Moses didn't know what to do. And when you don't know what to do, the best thing is to be honest with God about it. Tell him you don't know what to do, and ask him for help, guidance, inspiration. Moses cried out to the Lord.
The entire Israelite nation was thirsty. They hadn't found water for three days, and the only spring they'd been able to find was bitter. Moses didn't know what to do. But God did.
Leaders need to pray. We need to seek God. We need God's answers, not our own answers. Sometimes, the way forward seems obvious, but we can make a huge mistake doing what's obvious without praying first. Sometimes God want us to do something that's anything but obvious. And sometimes, we risk criticism because we're doing what God has instructed us to do, instead of what seems to be obvious.
God showed Moses a piece of wood, or perhaps that Hebrew word means a log, or a tree. Moses would probably have preferred a desalination plant, or a map to another spring. What good is a piece of wood? Well, Moses, of all people, knew that by God's power we can use a piece of wood. By God's power, Moses had used his staff - his walking stick - to perform miracles, including the parting of the Red Sea just a few days before.
We'd like to think we learn from our experiences. The Israelites hadn't learnt to trust God. They hadn't learnt not to complain. But Moses had learnt that by God's power, we can do anything, with anything. The power of prayer isn't just asking God to do things; it's also letting God give us faith, and teach us, and show us what he wants us to use to solve a problem. In God's perfect plan, Moses would use a piece of wood to desalinate the spring. That's not the way you or I would think of doing it, but it was God's way.
Moses obeyed God. He threw the piece of wood into the water, and it became sweet. The people drank. They were refreshed and ready for the next stage in their journey.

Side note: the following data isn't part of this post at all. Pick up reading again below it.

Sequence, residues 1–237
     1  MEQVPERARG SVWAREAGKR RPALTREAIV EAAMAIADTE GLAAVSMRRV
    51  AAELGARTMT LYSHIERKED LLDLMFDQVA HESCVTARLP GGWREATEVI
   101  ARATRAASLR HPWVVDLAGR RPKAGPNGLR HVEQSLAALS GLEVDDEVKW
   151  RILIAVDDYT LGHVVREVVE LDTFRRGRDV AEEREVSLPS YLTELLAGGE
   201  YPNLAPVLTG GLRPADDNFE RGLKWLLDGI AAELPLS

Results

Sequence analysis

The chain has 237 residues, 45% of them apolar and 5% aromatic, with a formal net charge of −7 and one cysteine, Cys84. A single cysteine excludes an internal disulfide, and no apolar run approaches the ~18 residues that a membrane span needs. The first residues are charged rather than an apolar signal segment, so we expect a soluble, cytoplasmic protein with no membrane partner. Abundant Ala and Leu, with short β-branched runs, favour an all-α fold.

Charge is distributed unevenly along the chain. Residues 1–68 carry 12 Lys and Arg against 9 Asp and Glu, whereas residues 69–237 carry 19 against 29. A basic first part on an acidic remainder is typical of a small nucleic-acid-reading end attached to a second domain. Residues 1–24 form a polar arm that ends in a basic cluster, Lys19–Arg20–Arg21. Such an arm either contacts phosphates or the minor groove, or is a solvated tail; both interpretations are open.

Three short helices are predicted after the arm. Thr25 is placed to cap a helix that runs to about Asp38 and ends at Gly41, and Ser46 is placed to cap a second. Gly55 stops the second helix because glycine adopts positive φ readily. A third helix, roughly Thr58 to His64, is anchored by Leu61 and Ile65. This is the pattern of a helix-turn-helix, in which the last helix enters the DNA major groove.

Our human leaders can't turn bitter water into sweet water, but God can. A Christian leader is called to find God's way and rely on God's power, not to try to fix everything himself.
God turned the bitter water into sweet water. And on our journey with God, we can sometimes find bitter water in our own hearts. Particularly in times of difficulty, we can discover resentment against God, or other people, in our hearts. God can remove the bitterness. If we pray, and admit to God that we need His help, He will show us how. He will show us what our hearts need to remove the bitterness.
Often, what our hearts need is another piece of wood - the cross of Christ. If we truly and completely allow our hearts to be changed by the voluntary, sacrificial offering of his own life, the voluntary suffering of unimaginable physical, emotional and spiritual pain, for our sakes, then we can hold no grudge against God or against our fellow humans.
God had tested Moses, and he passed the test.
God had also tested the Israelites, and they'd failed the test. But God didn't give up on them. He continued to lead them forwards.